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 - WORLD'S FAIR GOSSIP. People from All Lands...
WORLD'S FAIR GOSSIP. People from All Lands Thronginff Chicago Thoroughfares. : Strange Thing* Seen and Heard at .Tack- son rark—The Deautlfal Homo of. the Fluhci—A Logc'iiTC OH tup fr»m Michigan. !• "Special Chicago Correspondence. I The streets of Chicago now present '•.some Strang* sights. In an hour's stroll through the business section one may come across the turbaned Turk, stulking majestically along under a biff load of self-importance; the coal-black Ethiopian, with his monstrous earrings and bangles of brass; thc'.swarthy little little Jap. with his beadlike little eyes taking in everything that passes, and yet pretending' to see nothing; the hooded Bedouin of the desert; thedried- up, mummified Javanese, whose appearance appearance strongly suggests the need of a good scouring; and in fact a specimen specimen of almost every race under the sun. They are all here, at any rate, and if you don't meet them in our streets all you need do, if you wish to sec them, is to take a trip out to Jack- eon park and there you will fimd them without any trouble. • It is quite a comical sight to see a wild soli of the Sahara, clad in the strange habiliments of his desert land, scooting about among the teams on our street crossings. A number of Arabs were going down the street the other day and came to a crowded crossing. One of them gathered gathered his fluttering garments about him and niadea wild plunge among the horses and wagons, and succeeded in getting A One of the leading attractions just at present is the beautiful Fisheries building building in the northeastern portion of the fairgrounds. The exhibits are rapidly coming in, and among them are some of the- wonders of deep sea life. This magnificent home of the fishes will undoubtedly undoubtedly prove one of the most frequented frequented buildings of the exposition. Here in the vast aquariums darting about in tho crystalline waters will be seen' the finny tribes of almost every lake and stream on the globe, and in the deep sea tank in the center of the building building will be found rare forms of salt water life. '• N " ''' '"" '.V-l -CiTj : MICHIGAN LOCKING CAM1\ wifely to the opposite side,'from which lie. vigorously bi-ckoned his cnmp.-inions 'to follow, -uttering meanwhile, with great vehemence, something in Ills native native tongue whieh .sounded - to uiiini- ti:it<»d American ears very like a male- diet ion on the, carelessness of civilizet teamsters. His brethren soon joined him. and as ihey stood for a moment on the comer they held .1 consultation, apparently, to decide whet her they had better venture any further among the snares and dangers of civilization or not. Having decided the matter they strode away to the south, in the direction direction of Jackson park. Out at the fair grounds there is a per- FLOIMDA ALLIOATOIH. In addition to the live fish there will be a great many prepared specimens displayed in glass cases. There will also be a varied assortment of fishing boats and tackle from different nations, and queer models and implements from the celebrated fisheries of the world The process of hatching and rearing fish will be fully illustrated, and the lover of piscatorial pursuits will here find much to edify and entertain him. Norway has a wonderful exhibit, The fisheries of that country employ more than eighty thousand men. and nineteen thousand boats. The exhibit now ready to be installed consists largely of full-sized boats and models of fishing vessels, equipped willi nets and other apparatus. Cod. mackerel and herring form the major part of th Norwegian exhibit in a commercial sense, but the most interesting featur about their space will be the display o lxiats. From Mexico will come illustrations of the pearl fisheries of the Gulf of California, showing how the native descend to depths of more than one hundred feet to capture the precious oysters. Canada displays the famous methods of Nova Soot in fishermen, and will als< send a creditable exhibit of the food •mil commercial products of her fisheries. fisheries. There will also be a large i -nlli e lion of boats, fishing paraphernalia and fish-eating animals and birds, be sides a collection from the museum ii Montreal. Americans will not be outdone, de spile the elaborate preparations being made by foreign competitors. Ten states will make collective exhibits in the main building. They arc Maine FISHERIES BUILDING. their booths: aru: fnmi -Ceylon, de feet reproduction of the confusion that wc are told occurred at the building of the tower of Babel. In Midway Plaisance. Plaisance. which has become a part of the fairgrounds, one admission; admitting to both, where the foreign nations have their buildings, the opportunities for (studying some of the strangest people .on earth arc manifold. Here the Algerians Algerians and Tunisians are busy with their I building material; there the Egyptians are putting the finishing touches to •-d yonder arc the people eeply intent upon the completion of their odd dwellings. It Is jail wonderful to behold. Here, where ,1 few short months ago was a wilderness of bushes and shrubs, we have a composite city of villages'from the different countries on the other side of jthe world. • J t is wonderful how quickly some of se strangers from abroad become Americanized. The Egyptians are especially especially apt in their studies of our language language and manners. This was quite noticeable in one instance, when, a few days ago, a group of them entertained their American visitors with their efforts efforts to converse in English. They would try to pronounce every word that was spoken to them and the mistakes that they made were ludicrous beyond description. " One of them, a keen-eyed young chap with a world of mischief in hislbrown head, was a born comedian. He, possesses a rudimentary knowledge of (several languages, and he spared himself no pains to entertain the crowd. He first sung a 6ong in his own tongue, which must have been funny, as it convulsed convulsed his companions with laughter. Rhode Island. North Carolina, vania, Missouri, 1 IN THE FISH FAVILIOX. Then he recited a piece in Spanish, concluding concluding with the remark: "That Spain." He next recited the same pieoe in French, concluding, as before, with the Information: "That France." Finally he exclaimed: " Ta-ra-ra-boom-de-ayl That English." This tickled the crowd Immensely and the people apolauded •he young miiaio uproarioutdy. Oregon. Washington, Wisconsin. I'enosyl- Ohio and Minnesota. Pennsylvania and Wisconsin will each show its methods of fish propagation and culture. There will also be waterways waterways by which fish climb the mountain rivers and rapid-flowing streams. And in addition to the live lish in tanks these states will show models ami photographs photographs of their hatcheries. The Japanese exhibit will be the largest of any of the foreign countries in the building, Besides the fish products there will be models of the different different boats used in Japan. One section section of this exhibit will be a display of isinglass made from seaweed, which is made in many colors, and which, when held to the light resembles the stained glass used in church windows. There arc said to be a great many fishermen in; the land of the mikado and they take great interest in everything pertaining pertaining to the pursuit. Their exhibit therefore will doubtless be very complete complete and extensive. The transportation of the fisheries exhibits exhibits from all parts of the world has been attended with many difficulties and much expense. Huge tanks have been constructed and special cars and vehicles have been fitted- up, and with all the pains taken there has been mueh loss and disappointment experienced by those interested in the displays. Several Several rare and valuable specimens of fish lifo have died in transit, and some that it will be impossible to replace. The attempt is made to reproduce as nearly as possible in each tank the conditions conditions under which the fish who will inhabit them naturally live. There will be tree stumps for perch to lie under,-rock under,-rock reefs for lake trout, and gravelly gravelly bottoms for river trout. The plants that will grow in the aquaria will also conform to the character of those found in the waters from which the fish are taken. One immense tank, seventy feet loDg, twelve feet wide, and five feet deep, already finished, shows ridges of rock peculiar to the river -beds of the Mississippi valley. Among the recent arrivals at the Fisheries building are two large Florida alligators. They are perhaps the largest living specimens that ever came to Chicago, Chicago, being about twelve feet in length and well proportioned. These southern strangers are to be provided with special special tanks, and as they are very vicious will be safely fenced in to prevent them from reaching out and taking in any careless visitor who might take them for inanimate objects and venture too close. Just west of the Live Stock building, in the south end of the grounds, a logging logging camp is being erected. The camp belongs to the Michigan exhibit and is considered one of the glories of the Wolverine state. There is a logcobin and all the surroundings of camp Ufa- Wild forest scenery only is needed to make the logging camp realistic as well as picturesque. Lying near it is a low wagon holding 80,050 feet of timber, This load is one of the biggest shipped out of Michigan on one car. The logs are arranged in the form of a pyramid thirty feet high, and in the most airy way possible Hut for the thick chains bound in and out of the logs one could imagine the heaps toppling over at the slightest breath. Some of tho logs measure three feet in diameter. The cabin is of hemlock, the logs being being sawed in the interior,' leaving the rough bark outside. The crannies between between tho logs are stuffed with strips of bark. The gable is mode of Norway pine, as are the beams. The roof, which is not yet completed, will consist of hemlock Gcoops. These scoops are the remnants of the trees after the interior interior has been scooped out The logs are then cut lengthwise and nailed to the roof, one forming a trough down whieh the rain can trickle, another with the bark up, forming a bridge between between the concave scoops. The height of the cabin is eighteen feet, while above the gables two tannarac flagpoles flagpoles shoot twenty feet in the air. Every implement used by lumbermen in northern Michigan will be exhibited in tho sleeping-room. Behind the cabin will be rahged five logging cars, carrying carrying loads of hard wood and headed by a regulation logging locomotive. Several Several logwheels used for hauling logs in the summer will be rolled alongside the cars. This exhibit will give the city people roine idea of the rough life of the lumberman lumberman in the dense pine forests of the north and will illustrate to the uninitiated uninitiated the immense labor involved in procuring procuring material for the building of our homes. FOR WORLD'S FAIR Some Viiltmtilp Suffgrntlnns Thplr MaRRHge. The following suggestions relative to the baggage of people intending to visit the Columbian exposition at Chicago Chicago during the coming months will, if they are observed, be the means of saving much annoyance and unnecessary unnecessary delays at Chicago and elsewhere. The railroads entering Chicago nre making extensive preparations to meet the demands which will be placed upon them and if each pas.i.»»^or »?ill u«.a a little precaution it will prove of bent-lit to himself and the railroads as well. Attention is invited to the following suggestions: 1. Do not think of cheeking anything that you ran possibly carry. 2. See that all baggage whieh you desire desire checked is placed in first-class condition condition before bringing to the depot, and use a quarter-inch ropes instead of straps for y-unks, as the rope is much more cITective. 3. Mark each article with your name and permanent place of resilience, by paint or card, so that if it should get astray you can readily be found through such address. i. Do not deliver your baggage into the hands of any person unless he gives you a claim check for it, and see that the checks correspond, taking the number of the expressman, or his wagon, at the same time. 5. On coming to the depot to check your baggage attend to the duty yourself yourself and do not delegate it to any friend or haclcman, as a large majority of cases where baggage goes astray are the result of the failure of the owners to act for theinseivcs. On receiving your railroad check make a memorandum memorandum of the number and exact read in of same. No baggage will be received at the Union depot unless it bears a claim check or one of the depot claim checks is taken for it. If a Union depot claim check is used it will be necessary for you to obtain the duplicate from the expressman, as a failure :will oblige you to identify the baggage and pay for the stray check, which may causa you to miss your train. Do not fail to exchange the claim check for a railroad check at the check counter, and do not run away without your check. Keep cool, and give plenty of time, that the business may be properly transacted, Thos .T leaving the city on the ovening or early morning trains should ittcnd to th.' checking of their baggage on the, afternoon preced- lg. When possible, it would facilitate facilitate delivery at Chicago if the passenger passenger would write on the buck of tho heck a description of the baggage; whether valise, trunk, box. etc. (!. Hcfore your train reaches Chicago an agent will pass through the. train, md. should you desire your baggage handled by them, they wil'. lake your heck and issue a check in place and leliver same to resident.e or hotel. To whoever you deliver your railroad check do not fail to secure a claim check for its delivery from them and take memoranda memoranda of the check received und tho number of the expressman and company company he represents. llaggage. as a rule, should be becked to Chicago, and not to suburban suburban stations or the exposition rounds as the facilities for rapid delivery delivery will be much greater in the city. When leaving Chicago, observe the same suggestions as to the use of claim hecks, memoranda, etc., as has been given almve. 9. Carry as little baggage as possible, and do not attempt to send bicycles, baby carriages, etc., by baggage. State Inspection or Grain. The state board of railway and ware house commissioners hud to content themselves with 1 showing to the world bow grain was graded, with the integrity integrity of the state as its guaranty. The sixty-eight grades of grain now in force will be represented . by the actual actual grain, and an expert inspector will be at hand to explain how th^ grading is conducted. All the appliances appliances of the service will be there. Where dampness is the cause of differing differing grades, new grain will be supplied as fast as the old dries out. The western western farmer can learn all about how his wheat is graded' on its arrival in Chicago Chicago in about five minutes. The other lines of work of the commissioners coald not be well represented. CHURCH WORK. Dr. Talmage Reviews the Work of Nearly a Quarter of a Century. Three Great Church** Unlit—Dlfflcultlcn and riea«nret of a Urooklyn l'aitor. ate—EuentlaU of Nueces* In Church Work. On Sundny, April 23, Rev.T. DeWitt Talmago preached his twenty-fourth take such good care of their ministers. In proportion ns the world outside may curse, a congregation stands close up by tho man whom they believo in. Urooklyn society litis for its foundation two elements—the Puritanic which ul- annual sermon in Urooklyn, his text I ways means a quiet Sabbath, nud the church, after he had become an adnlt is hardly a family that has net been in- married him, baptized his children, vaded by sorrow or death. Where are married them and lived on long enough those grand old men, those glorious to bury almost everyone but himself. Christian women who used to worship Glorious old pastorates they were. with us? Why, they went away into I remark again, a Urooklyn pastorate the next world so gradually that they is characterized by its happiness. had concluded the second stanza or tho No city under tho sun where people third stanza in Heaven before you being from Revelations, iv. 4: "And round about the throne were four nnd twenty scats, and upon the scats I saw four and twenty elders.'' The preacher said: This text I choose chiefly for the numerals it mentions, namely four and twenty. That was the number of ciders seated around the throne of God. Hut that is tho number of years seated around my Urooklyn ministry, and every pulpit is a throne of blessing or blasting, a throne of good or evil. And to-day in this, my twenty-fourth anniversary anniversary sermon, twenty-four years come und sit nround me. and they speak out in a reminiscence of gladness and tears. Twenty-four years ago I arrived arrived in this city to shepherd such a flock as might come, and that day I carried in on my arms the infant, son who in two weeks from to-day I will help ordain to the gospel ministry, hoping hoping that he will be preaching long after my poor work is done. We have receved into our membership thousands of souls, but they, I think, are only a small portion of the multi tudes who, coming from all parts of the earth, have in our house of Ood been blest, and saved. Although we hove as a church raised $1,100,000 for religious VISITORS. I purposes, yet we are in the strange position position of not knowing whether in two Concerning | or three months we shall have any church at all, and with audiences of thousands of people crowded into this room and the adjoining rooms, we nre confronted with the question whether I shall go on with my work here or go on to some other field. What an awful necessity that we should have been obliged to build three immense churches, two of them destroyed by fire, A misapprehension is nbroad that the financial exigency of this church is past. Through journalistic and personal friends n breathing spell has been afforded afforded us, but before us yet nre financial financial obligations which must promptly be'met or speedily this house of Hod will go inlo worldly uses ami become n theater or a concert hall. The ?1 •.'.000 raised cannot cancel a floating debt of $140,000. Through the kimlnessof those to whom we are indebted Slio.onil would set us forever free. 1 am glad to say that the case is not hopeless. We are lailyin receipt of touching evidences of practical sympathy from all classes of the community and from all sections of the country, and it was but yesterday that by my own hand I sent, for contributions contributions gratefully received, nearly fifty acknowledgements east, west, north and south. Our trust Is in the Lord who divided divided the lied sea and "made the mountains mountains skip ilkc lambs." With this paragraph I dismiss the financial subject subject nnd return to the spiritual. In the first place. I remark that a Brooklyn pastorate is always a difficult pastorate. No city under the sun has a grander array of pulpit' talent than Urooklyn. The Methodists, the liap- tists, the Congregationalists, the Episcopalians, all the denominations send their brightest lights here, lie who stands in a Urooklyn pulpit preaching, may know that he stands within fifteen minutes' walk of sermons which a Saurin. and a Uourdaloue. and a John M. Mason, and a George Whitfield Whitfield would not lie ashamed of. For forty years Urooklyn has been surcharged with homiletics, an electricity electricity of eloquence that struck every time it flashed, from the-old pulpits which quaked with the power of a Uethune, and a Cox, nnd a Spencer, and a Spear, and a Vinton, and a Farley, and a Heeeher, not mentioning the names of the magnificent men now manning the Urooklyn pulpits. So during during all the time there has been something something to appeal to every man's taste, and to gratify every man's preference. Now let iue say to all the minister of the gospel who are ambitious for a Urooklyn pulpit, that it is always a difficult difficult pastorate. If 11 man shall come and stand before •my audience in al most any church in Urooklyn, he will find before him men who have heard the mightiest themes discussed in the mightiest way. You will have before you. if you fail in argument, fifty logicians logicians in a fidget If you make a slip in the use of u commercial figure of speech, there will be five hundred merchants merchants who will notice it. If you throw out nn anchor or furl a sail in the wrong way, there will be ship captains right off who will wonder if you are as ignorant ignorant of theology as you arc of navigation! navigation! So it will be a place of hard study. If you are going to maintain yourself, you will find a Urooklyn pastorate pastorate a most difficult pastorate, I remark still further, a Urooklyn pastorate is always a conspicuous pastorate. pastorate. The printing press of the coun try has no greater force than that on the sea coast. Every pulpit word, good or bad, wise or ignorant, kind or mean, is watched. The reportorial corps of these cities is an organized army Many of them have collegiate education education and large culture, and they are able to weigh oration, or address, or sermon. If you say a silly thing you will never hear the end of if. and if you say a wise thing it will go into perpetual perpetual multiplication. Besides thaVa Brooklyn pastorate is always conspicuous in the fact that everybody comes here. Brooklyn is New York in its better mood! Strangers Strangers have not seen New York until they have seen Brooklyn. Again I remark, that a Brooklyn pas- Ilollandish, which means a worshipful people. On the top of this an admixture admixture of all nationalities—tho brawny •Scot, the solid English, the vivacious Irish, the polite French, the philosophic cannot bear this." knew they were gone. They had on tho crown before you thought'they had dropped the staff of the earthly pilgrimage. pilgrimage. And then the dear children. O! how maiiy have gone out of this .'church You could not keep them. You folded them in your arms and said: "01 God, I cannot give them up. Take till else, take my property, take my reputation, but let me keep this treasure, i Lord, German: und, in all this intermingling of population, the universal dominant theory that a man can do ns he pleases, provided he doesn't disturb anybody else. A delightful climate. While it Is hard on weak throats, for the most of us it is bracing. Not an atmosphere made up of the discharged gases of chemieal''facfories, or the miasms of swamps, but coming panting right off 3,000 miles' of Atlantic ocean before anybody else has had a chance to breathe it! All through the city a society society of kind, genial, generous, sympathetic sympathetic people. In such a city I have been permitted to have twenty-four years of pastorate During these years how many heartbreaks, heartbreaks, how many losses, how many bereavements! Ilnrdly a family of the church that has not been struck with sorrow! But God has sustained you in the past and he will sustain you in the future. I exhort you to be. of good cheer, oh thou of the broken heart. "Weeping may endure for a night, but joy cometh in the morning." I wish over every door of this church we might have written the word "Sympathy. Sympathy for all the young. We must crowd them in here by thousands, and propose a radiant gospel that they will take on the spot. We must make this place so attractive for the young that a j-oung man will come here on Sabbath morning, put down his hat. brush his hair bnek from his forehead, unbutton his overcoat, and look around wondering if he has not by mistake got into Heaven. Yes, sympathy for the old. They have their adit's and pains nnd distresses. distresses. They eannot hear or walk or sec as well as they used to. We must be reverential in their presence. On dark days we must help them through the aisle, and help them find the place 11 the hymn-honk. Sympathy for business men. Twenty- four years of commercial life in New York and Urooklyn are enough to tear one's nerves to pieces. We want to make our Sabbath service here a rescue for all these martyrs of truffle. 11 fore taste of that land where they have no rents to pay. and there are no business rivalries, and where riches, instead of taking wings to fly away, brood over other riches. Sympathy for the. fallen, remember- ng that they ought to be pitied as much as a man run over with a rail train. The fact is that, in the tempta tations and misfortunes of life, they get run over. You and I, in the same circumstances, would have done as badly; badly; we should have done worse, perhaps. perhaps. We want in this church to have sympathy sympathy for the worst man, remembering he is a brother, sympathy for the worst woman, remembering she is a sister. If that is not the gospel. I do not know what the gospel is. Ah! yes: sympathy for all the troubled: for the orphans in their exposure; for widowhood with its weak arm fighting for bread: for the household which erst resounded with merry voices and pattering feet, now awfully still—broad-winged sympathy, like the feathers of the Almighty warm-blooded sympathy, everlasting sympathy—sympathy which shows it self in the grasp of the hand, in the glittering tear of the eye. in the consoling consoling word of the mouth—sympathy of blankets for the cold, of bread for the hungry, of medicine for the sick, of rescue for the lost. Sympathy! Let it thrill in every sermon. Let it tremble in every song. Let it gleam in every tear and in every light Sympa- Oh! if we could all die together, we could keep nil the sheep and tho lambs of the family fold together until some bright spring day, the birds achant and the waters oglitter, and then we could all together hear the voice of the good Shepherd, and hand in hand pass "through the flood. No, no, no, no! O! if wo only had notice that we are all to depart depart together, and we could say 'to our families: "Tho time has come; tho Lord bids us away." And .then we could take our little children to thoir beds, and straighten out their limbs and say: "Now, sleep the last sleep. Good night until it is good 'morning.' And then we could go to our own couches and say: "Now. altogether wo are ready to go. Our children are gone, now let us depart. No, no! It is one by one. It maybe in the midnight. It may be in the winter, and in the snow coming down twenty inches deep over our grave. It may be in the strange hotel, and our arm too weak to pUU the bell for help. It may bo so. suddenly we have no time even to say good-by. Death is a bitter, crushing, tremendous curse. 1 play you three tunes on the gospel harp of comfort. "Weeping may endure endure for a night, but joy cometh in tho morning." That is one. "All things work together for good to those who love God." That is the second. VAjid the lamb which is in the midst of the throne shall lead them to living fountains fountains of water, and God shall wipe all tears from their eyes." That is the third. During these twenty-four years. I have tried as far as I could, by argument, argument, by illustration and by caricature, caricature, to fill you with disgust vHth mueh of this modern religion which people arc trying now to substitute for the religion of Jtjsus Christ and the religion of the apostles. I have tried to persuade you that the worst of all cant is the cant of skepticism, skepticism, and instead of your apologizing for Christianity, it was high time thift those who'do not believe in Christianity Christianity should apologize to you, and I hiive tried to show that the biggest villains in the universe are those who would try to rob us of this iiiblc, and that the grainiest mission of tho church of Jesus Christ is that of bringing souls to the Lord—a soul-saving church. But now those years ore gone. If y<ra have neglected your duty, if I have neglected neglected my duty, it is neglected forever. Each year has its work. If the work-is performed within the twelve months, it is done forever. If neglected, it is neglected forever. When a woman "was dying, she said: Cull them back." They did not know what she meant She hail been a disciple disciple of the world. She said: "Oh, call them back!" They said: "WhodoyoU want us to call back?" "Oh," she said, "call them back, the days, the months, the years I have wasted. Call them back!" But you cannot call them back; you cannot call a year back, or a month back, or a week back, or an hour back) or a second back. Gone once, it is gond forever. When a great battle was raging, a messenger came up and said to the gen' eral, who was talking with an officer: General, we have taken a standard from the enemy." The general kept right on conversing with his fellow-officer, fellow-officer, and the messenger, said again, "General, we have taken a standard from the enemy."" Still the general ' kept right on,.' and the messenger lost his patience, not having his message seemingly appreciated, appreciated, and said again: "General, we' thy! Men and women are sighing for have taken a standard from the enemy The May Concert*. On Wednesday, Thursday aDd Friday. Friday. May 24, 25 and 20, the initial choral performances at the exposition will be given in Festival hall. The programme has been arranged on a grand scale. Mendelssohn's "Elijah" will be sung by the Apollo club, of Chicago, numbering numbering six hundred voices. The Chicago Festival chorus, numbering twelve hundred voices, will sing Haydn's "Creation," while programmes ; of songs and part songs will bo rendered by the exposition's Children's chorus, numbering fourteen hundred voices. A feature of these concert* will bo the singing of Mine. Lilian Nordics ant Mr. Plunkett Greene, both artiste being being already engaged for tho aerie* sympathy, groaning for sympathy, dying dying for sympathy, tumbling off into un- cleanliness and crime and perdition for lack of sympathy. May God give it to us! Fill all this pulpit with it, from step to step. Let the sweep of these galleries suggest its encircling arms. Fill all the house with it, from door to door, and from floor to ceiling, until there is no more room for it, and it shall overflow into the street, and passers-by on foot and in carriage shall feel the throb of its magnificent lienediction. Let that be our now departure as a church. Let that be my new departure as a pastor. Sympathy! Gratitude to God demands that this morning I mention mention the fact that during nil these twenty-four twenty-four years I have missed but one service through sickness. I must, in gratitude to God. also mention the multitudes to whom I have been permitted to preach. It is simply miraculous, the attendance morning by morning night by night, and year by year, and long after it has got to be an old story. I know some people are dainty and exclusive in their tastes. As for myself, I like a big crowd. I would like to see an audience large enough to scare me! If this gospel gospel is good, the more that get it the better. Profiting by the mistakes of the past, I must do better work for you and better better work for God. Lest I might, through some sudden illness or casualty, be snatched away before I have the opportunity opportunity of doing so, I take this occasion occasion to declare my love for you as a people. people. It is different work if a pastor is placed in a churebA already built up, and he is surrounded by established circumstances. There are not ten The general then looked at him and said: "Take another." Ah! forgetting the things that are behind, let us look \ CYCLONE HORRORS. Awful Effects of .the Late Tornado in Oklahoma. At Least Forty Pernonii Killed and a Largo Number Injured—Knormou* •trur'.lnn of rropi-rty-Th* LUt of Fatailtlr*. NORMAN , Ok., April 2".—Further reports reports of the cyclone near here Tuesday multiply the horrors. The latest estimate estimate is that thirty-seven people were killed nnd twenty-five injured. One hundred and twenty-five persons aro- left in destitute circumstances and thirty-eight homes were swept away. The dead are: Snyder, Love and nn unknown unknown employed by Ed Johnson; John O'Connor. Jr., wife and two children; five members Bryant family, John O'Connor, Sr., and wife: Agnes O'Connor O'Connor and Nellie O'Connor, twins, aged 13; Charles O'Connor, James O'Connor, David Brooks and wife. Miss Ella Brooks. Owen Rooney, Mrs. Moroney nnd two children. Miss Annie Heddens, David Banks, wife and two children; Mrs. IIess,Bauks' married daughter; H. C. Plcinens, child of. Mr. ISatcman, Mrj Peary and one child, Itev. J. M. Corlo. • The seriously wounded are: Charles Harwell, Mrs. Kettridge and infant, Mrs. Snider. II. P. Holliday and child, Thomas Weaver, John Doyle, George O'Connor, Mr. Moroney and three chil-. dren, Pat O'Maley, Albert Sinnox, Mr. and Mrs. Gilmore, Four children of Mr. Uanks, Mrs. Calbert, Mrs. S. II. Wilkinson, Georgo Hughes nnd child, Mrs. Penry and two children. It was the most serious cyclone in" the history of Oklahoma territory. In this (Cleveland) county it made iv clean sweep, destroying fields, demolishing houses, barns nnd agricultural' implements implements nnd dealing death to everything in its path. At this writing thirty- seven persons are known to be killed and many others seriously injured and dying. The most damage done was in the vicinity of this town in the westi ern and central portion of the connty. It was about 5:30 p. m. that the people people of Purcell, a town of the Chickasaw nation, fifteen miles southwest of here, noticed a dark cloud overhanging the western sky, which soon began to send down shoots like carrot roota Your correspondent observed the formation of these cyclones through a field glass. Points projecting from the clouds slowly assumed a cylindrio form, then conical, which very much resembled resembled great funnels, out of the end of which destruction poured. Their courso was from southwest to northwest. At first they moved slowly, but seemed to gain force rapidly us the points touched the earth. That portion of the Chickasaw nation ' where the cyclone formed and first struck is sparsely settled and little is . as yet reported, but passing northward and slightly to the east it crossed tho ! South . Canadian river about midway between Purcell and Norman. Here it struck tho thickly settled portion and only only missed this town by about on« mile. By this cyclone four persons were killed and several injured. Seven dwelling houses and two school houses were destroyed, besides machinery and 1 stock, numerous outbuildings, fences , and barns. No sooner had this cyclone passed and spent its force by the time , it reached Little river, about five miles northeast of town, than the people in town who had witnessed the destruc- ' tion being wrought were hastening to the relief of their country friends. In ' about one hour afterward another funnel-shaped funnel-shaped cloud was seen approach- 1 ing from the west which passed on the other side of town, its course being being about the same direction as the -. other, but it had formed several miles ' further off. This last and most de- , structive cyclone passed about five , miles west and north of Norman, through what is known as ten-mile flat 1 along the Canadian river, and the most prosperous agricultural vicinity of the county. Its force was spent a few miles I further north when it reached tho ' divide between this place and Moore station. DEATH BOLL INCREASED. PURCELL . I. T., April 27.—A terrible i tornado passed through this county Tuesday evening at 0:30 o'clock. It started five miles southwest of Alex, Chickasaw nation, traveling northeast. to those that are before. Win another t gathering fury as it went, passing from gain castle, take another utandard, another victory. Roll on. sweet day of tho world's emancipation, when "the mountains I and the hills shall break forth into singing, and all the trees of the wood shall clap their hands, and- instead uf the thorn shall come np the fir tree, and instead of the brier will come up the myrtle tree, and it shall be unto the Lord for a name, for nn everlasting sign that cannot be cut off." torate is characterized by brevity. I bethink myself of but three ministers of the gospel now preaching here, who were preaching when I came to Brooklyn. Brooklyn. Most of the pulpits around me have changed seven or eight times since my arrival. Sometimes the pastorate has been brief for one reason, and sometimes for another reason. Sometimes the minis- | ters of the gospel have been too good for this world, and Heaven has transplanted transplanted them. Sometbnes tnoy changed places by the decree of their denomination. denomination. Sometimes they came with great blare of trumpets, proposing to carry everything before them, and got extinguished extinguished before they were distinguished! Whether for good or bad reasons, a people in this church who have not been brought in the church through my mm- j istry. You are my family. I feel as | much at home here as I do in my home on Oxford street. Your present and everlasting welfare is the object of my ambition. I have no worldly ambition. I had once. I have not now. I know the world about as well as any one knows it I have heard the handclapping of its applause, and I have heard the hiss of its opposition, opposition, and I declare to you the former is ] not especially to be sought for. nor is the latter to be feared. The world has given me about all the comfort and prosperity it can give a man, and I hare no worldly ambition. I have un all- consuming ambition to make full proof Brooklyn pastorate is characterized by of my ministry, to get to Heaven my brevity, not mnch of the old plan by self, and to take a groat crowd with which a minister of the gospel baptized me. in infant, then received him into the During these twenty-fourycuts Uuue \n Ocean Oddity. There are scores upon scores of di.Tcr- ent forms of marine animal life that comes within the catogory assigned to star fishes," but the most singular specimen in the whole group is the splendid Astrophyton—the"Sea Uasket" of the sailor. It is truly a wonderful specimen of marine life, having hundreds hundreds of long and short', straight, twisted twisted and curled tentacles; and, but for the geometric, precision of the plan upon which the star-like "body" is fashioned, might be mistaken for a miniature, circular specimen of the devil fish. The center of the creature, the "hub" from which the five stout arms radiate, isthcbody,headand''thinkingmachine'.' of our curious Astrophyton. The whole, not including the labyrinthine tentacles, which branch to aU the points' and intermediate intermediate points of the compass, looks for all the world like an animated Fourth of July fire wheeL The five main arms are divided into three each within a short space from the astro's body, and these three are almost immediately subdivided subdivided into innumerable other arms and tentacles, the whole forming a net by means of which it captures its prev and holds its victims until the life has been sucked out of them.—St Louis lie- public No llnrrr. Prison Warden (to condemned criminal criminal on morning of execution)—I am to esk you if there is any little thing you would fancy for your breakfast. Criminal—Thank* I would like a couple of peaches. l*rison Warden—Peaches! Why, we are in March. Criminal—Never mind. I can wait Dlnguatlnir to a Proud Han. Fitzhugh—I suppose Hokins Ls very proud of his wife's success with hex novel'.' Stevedoor—No, I fancy not. You Me« he Is merely known as Mrs. Uokina' this to Oklahoma territory.razingevery- thing in its wake. The destruction of life and property iscnormous. Forty-two deaths are reported up to date. Eighty- five are known toQp seriously wounded. wounded. The family of John O'Connor, Bevcn miles northwest of Norman, consisting consisting of twelve, were killed except one. John Moroney'* house was •wrecked and his wife and three children children killed, he receiving fatal injuries. , In the Uryant family five were killed. 'Searching parties are not all in but •each party to arrive swells the list in fatalities. Nine bodies will be interred 3n ; the cemetery here under Catholia rites. ._ More Appointment*. WASUIXOTON -, April 27.—The president president has announced the following appointments: appointments: To be government directors directors of the Union Pacific railway: Henry i\ Dimer, of • New York; Don M. Dickinson, Dickinson, of Michigan; J. W. Doane, of Illinois; Illinois; Fitzhugh Lee, of Virginia, and James W. Hurdock, of Nebraska. Otto • Doderlin, of Illinois, to be consul of the United States at Leipsic David G. Brown to be collector of customs for the district of Montana and Idaho. Arkaniuw-Touched. *- LITTLE ROCK, Ark., April 27.— A terrific terrific cyclone almost wiped out of existence existence the little town of Jenson, in Se- bkstian county, last night Nine buildings buildings were demolished. Four freight cars were blown. from the track and a {portion of the Frisco depot was carried away. One man and a child wero seriously seriously injured. Dr. Buchanan Found GuUty. NEW YORK, April 27.— Dr. Robert W. Buchanan, who has been on trial for the. past few weeks, charged with the poisoning of his wife, was found guilty of murder in the first degree. Mme. Slodjeika Taken Sick. PXTTSBUKOH, Pa., April 27.— Helen Modjeska became quite ill last evening at her hotel, and was. unable to appear at the DuQuesne. theater, where she was to play Catherine in "King Henry VIlI.V The advance sale was large and tne .Immense audience had to, be dismissed dismissed from the theater. A Firebug* Sent Cp. ; MILWAUKEE, April 27.— Matthew Tho- inet, the firebug, pleaded guilty to having having fired the Stadt. theater. He waa given the maximum penalty of the law. Judge Walber sentencing him to eight husband now.—Dee Moines Argonaut J yean at hard labor in the state prison,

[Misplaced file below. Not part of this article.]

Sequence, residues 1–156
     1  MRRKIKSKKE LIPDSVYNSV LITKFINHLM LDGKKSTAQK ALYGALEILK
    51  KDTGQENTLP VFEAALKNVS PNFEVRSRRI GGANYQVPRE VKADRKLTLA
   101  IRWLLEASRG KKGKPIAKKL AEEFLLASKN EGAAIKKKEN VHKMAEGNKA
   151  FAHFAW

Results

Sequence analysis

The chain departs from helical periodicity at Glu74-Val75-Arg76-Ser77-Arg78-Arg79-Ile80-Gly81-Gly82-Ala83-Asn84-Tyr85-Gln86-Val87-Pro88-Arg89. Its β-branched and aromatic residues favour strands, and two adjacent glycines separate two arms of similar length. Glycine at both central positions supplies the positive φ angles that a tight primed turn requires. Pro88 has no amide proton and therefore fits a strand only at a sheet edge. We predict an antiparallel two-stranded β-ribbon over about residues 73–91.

Clipped from
  1. The Iola Register,
  2. 05 May 1893, Fri,
  3. Page 3